How to Keep Your Pooch Happy This Summer

With summer well and truly here, it’s a good time to be thinking about how you can help keep your pets cool through the heat.

As you keep yourself cool and out of the summer heat, it’d be pretty tough not to consider your fur-friends too! Here's how to keep your pooches safe and happy this summer.

Never Leave Your Dog in The Car

This is almost a given, but still worth a reminder – never leave your dog in the car. No, not even if you think you’ll only be a few minutes. Even when it isn’t that hot outside, the temperature can soar inside a closed car. Research shows that the temperature inside a sealed car on a sunny 20° day can double in less than ten minutes, and rise to as much as 60° within 30 minutes.

Dogs don’t cool down the same way we do. They can’t sweat, so they pant to lower their body temperature. If they’re inside a car, recycling hot air, heatstroke can happen. Make sure if your pooch is in the car with you, you don’t need to make any ‘quick’ stops at places your dog isn’t welcome.

Keep Your House Cool for Indoor Dogs

If your dog is home alone, make sure they can truly relax. If possible, have the air-con or fan running. If that is not an option, open the windows, close the blinds to cool down your house and consider investing in a cooling vest or mat for your pooch. Make sure you also have enough fresh water for your pooch so they stay hydrated.

Offer Plenty of Water and Shade for Outdoor Dogs

If your dog is an outside pooch, don’t lock them up in their kennel as they can overheat. We suggest allowing them to relax under some trees as there is better airflow. Make sure your dog has lots of fresh water – try adding ice cubes when you can to keep the water cool. Another way to help your dog from overheating outdoors is to think about a sprinkler or kiddie pool to let them cool off.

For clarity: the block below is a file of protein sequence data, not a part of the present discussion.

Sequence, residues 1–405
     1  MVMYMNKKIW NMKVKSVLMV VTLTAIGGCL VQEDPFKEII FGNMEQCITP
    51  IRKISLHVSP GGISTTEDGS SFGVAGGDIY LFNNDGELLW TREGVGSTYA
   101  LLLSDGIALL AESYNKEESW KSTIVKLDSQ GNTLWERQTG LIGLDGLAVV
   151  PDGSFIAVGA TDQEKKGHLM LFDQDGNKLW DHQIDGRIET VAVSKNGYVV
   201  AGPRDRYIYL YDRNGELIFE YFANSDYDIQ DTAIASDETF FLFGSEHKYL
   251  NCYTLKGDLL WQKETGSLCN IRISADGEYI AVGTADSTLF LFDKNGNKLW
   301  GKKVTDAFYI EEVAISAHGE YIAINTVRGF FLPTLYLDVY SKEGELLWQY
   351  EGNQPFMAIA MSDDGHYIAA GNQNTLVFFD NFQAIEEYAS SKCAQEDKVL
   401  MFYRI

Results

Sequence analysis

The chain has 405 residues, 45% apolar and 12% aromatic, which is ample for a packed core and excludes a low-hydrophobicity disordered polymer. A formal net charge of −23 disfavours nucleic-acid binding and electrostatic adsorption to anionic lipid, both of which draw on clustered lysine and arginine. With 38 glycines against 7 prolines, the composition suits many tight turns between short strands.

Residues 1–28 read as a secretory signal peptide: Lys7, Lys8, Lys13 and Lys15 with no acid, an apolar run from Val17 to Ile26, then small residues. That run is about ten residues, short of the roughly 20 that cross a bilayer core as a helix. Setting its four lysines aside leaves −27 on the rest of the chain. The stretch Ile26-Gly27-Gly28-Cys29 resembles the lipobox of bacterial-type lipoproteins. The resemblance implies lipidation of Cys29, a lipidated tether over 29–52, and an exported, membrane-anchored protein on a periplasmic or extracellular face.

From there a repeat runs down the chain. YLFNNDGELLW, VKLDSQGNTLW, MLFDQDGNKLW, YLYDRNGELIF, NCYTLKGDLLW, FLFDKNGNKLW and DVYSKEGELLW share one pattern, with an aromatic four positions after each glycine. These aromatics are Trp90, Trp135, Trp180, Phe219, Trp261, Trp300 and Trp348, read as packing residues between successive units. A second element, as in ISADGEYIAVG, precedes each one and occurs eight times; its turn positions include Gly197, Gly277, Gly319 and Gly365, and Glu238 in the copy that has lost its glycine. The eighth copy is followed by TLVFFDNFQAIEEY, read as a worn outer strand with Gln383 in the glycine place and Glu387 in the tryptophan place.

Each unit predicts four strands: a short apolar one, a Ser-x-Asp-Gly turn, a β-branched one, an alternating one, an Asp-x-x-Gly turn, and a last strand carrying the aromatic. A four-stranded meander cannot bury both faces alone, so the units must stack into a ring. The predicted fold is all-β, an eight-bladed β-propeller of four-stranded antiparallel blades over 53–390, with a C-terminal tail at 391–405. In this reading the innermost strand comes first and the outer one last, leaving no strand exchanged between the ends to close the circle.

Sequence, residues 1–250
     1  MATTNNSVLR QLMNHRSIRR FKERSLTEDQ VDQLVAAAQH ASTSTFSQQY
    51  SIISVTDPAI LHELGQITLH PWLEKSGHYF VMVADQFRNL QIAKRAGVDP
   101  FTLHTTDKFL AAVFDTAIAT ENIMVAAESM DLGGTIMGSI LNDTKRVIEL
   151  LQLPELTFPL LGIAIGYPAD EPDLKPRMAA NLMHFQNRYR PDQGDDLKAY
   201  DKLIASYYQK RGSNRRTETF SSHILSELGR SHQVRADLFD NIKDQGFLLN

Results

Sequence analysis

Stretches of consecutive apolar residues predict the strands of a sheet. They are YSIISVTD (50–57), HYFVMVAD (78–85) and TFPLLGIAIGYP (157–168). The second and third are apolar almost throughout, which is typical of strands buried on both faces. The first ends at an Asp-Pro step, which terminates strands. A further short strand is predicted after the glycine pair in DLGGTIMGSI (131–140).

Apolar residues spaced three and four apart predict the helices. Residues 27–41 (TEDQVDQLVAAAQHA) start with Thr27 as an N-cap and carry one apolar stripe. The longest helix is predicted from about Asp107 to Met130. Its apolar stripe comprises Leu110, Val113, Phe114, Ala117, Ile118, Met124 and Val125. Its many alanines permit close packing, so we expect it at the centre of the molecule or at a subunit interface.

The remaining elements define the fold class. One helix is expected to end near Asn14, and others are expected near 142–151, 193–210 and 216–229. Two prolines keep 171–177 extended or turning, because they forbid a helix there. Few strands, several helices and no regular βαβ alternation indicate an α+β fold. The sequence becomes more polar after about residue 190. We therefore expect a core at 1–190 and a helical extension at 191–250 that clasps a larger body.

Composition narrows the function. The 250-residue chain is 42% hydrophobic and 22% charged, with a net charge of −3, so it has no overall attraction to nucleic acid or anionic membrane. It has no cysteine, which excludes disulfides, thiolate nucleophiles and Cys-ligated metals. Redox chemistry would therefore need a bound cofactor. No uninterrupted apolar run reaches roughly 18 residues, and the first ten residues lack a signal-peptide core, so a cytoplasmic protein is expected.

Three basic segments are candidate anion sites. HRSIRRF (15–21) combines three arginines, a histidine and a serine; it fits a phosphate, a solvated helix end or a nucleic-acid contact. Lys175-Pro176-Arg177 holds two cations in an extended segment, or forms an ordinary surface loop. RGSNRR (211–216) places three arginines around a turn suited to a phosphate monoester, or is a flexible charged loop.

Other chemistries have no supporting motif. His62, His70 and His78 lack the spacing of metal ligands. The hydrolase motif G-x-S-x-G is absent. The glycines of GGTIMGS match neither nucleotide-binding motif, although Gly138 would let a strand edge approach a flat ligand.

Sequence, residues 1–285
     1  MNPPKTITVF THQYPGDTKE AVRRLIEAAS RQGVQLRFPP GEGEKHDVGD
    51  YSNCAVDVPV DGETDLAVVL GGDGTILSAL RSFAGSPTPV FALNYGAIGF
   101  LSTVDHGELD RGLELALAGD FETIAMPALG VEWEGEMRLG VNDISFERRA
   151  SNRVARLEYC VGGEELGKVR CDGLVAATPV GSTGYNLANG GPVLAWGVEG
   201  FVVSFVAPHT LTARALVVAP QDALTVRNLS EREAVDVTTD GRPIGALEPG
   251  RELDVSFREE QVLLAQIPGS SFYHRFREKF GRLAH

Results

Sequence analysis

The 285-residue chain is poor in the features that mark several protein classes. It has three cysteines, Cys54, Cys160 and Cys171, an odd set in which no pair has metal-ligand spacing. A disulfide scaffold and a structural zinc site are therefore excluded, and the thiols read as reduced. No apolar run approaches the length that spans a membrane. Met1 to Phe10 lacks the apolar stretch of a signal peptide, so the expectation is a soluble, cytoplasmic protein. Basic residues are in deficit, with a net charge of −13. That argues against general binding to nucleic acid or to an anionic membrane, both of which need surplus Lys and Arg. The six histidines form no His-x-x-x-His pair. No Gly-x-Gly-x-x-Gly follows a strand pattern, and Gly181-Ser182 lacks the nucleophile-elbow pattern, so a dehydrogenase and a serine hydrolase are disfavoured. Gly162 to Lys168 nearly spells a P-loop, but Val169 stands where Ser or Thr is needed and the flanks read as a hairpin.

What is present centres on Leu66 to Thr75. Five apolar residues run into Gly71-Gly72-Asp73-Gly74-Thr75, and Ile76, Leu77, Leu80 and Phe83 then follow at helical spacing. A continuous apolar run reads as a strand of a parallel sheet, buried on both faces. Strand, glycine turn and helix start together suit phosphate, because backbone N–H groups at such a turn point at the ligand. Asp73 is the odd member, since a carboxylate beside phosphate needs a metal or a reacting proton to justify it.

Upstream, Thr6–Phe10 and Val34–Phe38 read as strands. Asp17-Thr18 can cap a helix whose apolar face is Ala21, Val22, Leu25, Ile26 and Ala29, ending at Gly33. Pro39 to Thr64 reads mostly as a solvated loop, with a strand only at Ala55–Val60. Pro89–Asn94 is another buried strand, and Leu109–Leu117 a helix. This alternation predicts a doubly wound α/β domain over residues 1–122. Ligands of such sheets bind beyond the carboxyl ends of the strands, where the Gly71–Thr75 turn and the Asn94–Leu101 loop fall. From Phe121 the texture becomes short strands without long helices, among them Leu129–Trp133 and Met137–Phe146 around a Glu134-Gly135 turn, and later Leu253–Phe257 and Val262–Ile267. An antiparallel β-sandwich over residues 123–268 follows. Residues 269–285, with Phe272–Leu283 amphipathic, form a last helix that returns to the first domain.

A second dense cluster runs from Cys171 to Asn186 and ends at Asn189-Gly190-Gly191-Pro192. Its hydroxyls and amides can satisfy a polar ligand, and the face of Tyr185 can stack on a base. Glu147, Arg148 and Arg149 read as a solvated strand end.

Watch When You Exercise

 Limit when and how much you do when it's hot and humid. Take walks in the cooler part of the day -- the early morning and evening. And carry enough water for both of you. Before you head out for a walk, touch the pavement. If it's too hot for your hand, it's too hot for your dog's paw pads. Walk on the grass, stay off the roads and ensure your pooch has sunscreen on as dog sunburn is especially common in areas with little to no fur, such as their nose, belly, around the mouth, eyelids, and ears.

When the air is full of moisture, your dog may not be able to pant enough to cool himself off. That can raise his temperature, which can lead to heatstroke. Stay inside, and limit exercise, too.

Make Cool Treats

We can all agree that frozen desserts are one of the best things about summertime. So why shouldn't your dog get to experience the same happiness? Help your pooch chill from the inside out with pupsicles. All you need for dog popsicles is some ice cubes with tasty treats inside, or fill and freeze a chew toy to make it a chilly snack. Our favourite popsicle recipe can be found below.

4 cups watermelon
200ml coconut milk

Blend watermelon until pureed, and then add coconut milk and blend again until mixed together.
Pour into popsicle moulds and freeze for 2 -3 hours.

Watch for Signs of Over Heating

Lastly, it’s important to know your dog can't tell you when they don’t feel well, so keep an eye out for any signs of heatstroke, such as:
  1. Heavy panting
  2. Heavy drooling
  3. Trouble breathing
  4. Rapid heartbeat
  5. Dark or red gums and tongue
  6. Dizziness
  7. Weakness
  8. Agitation 

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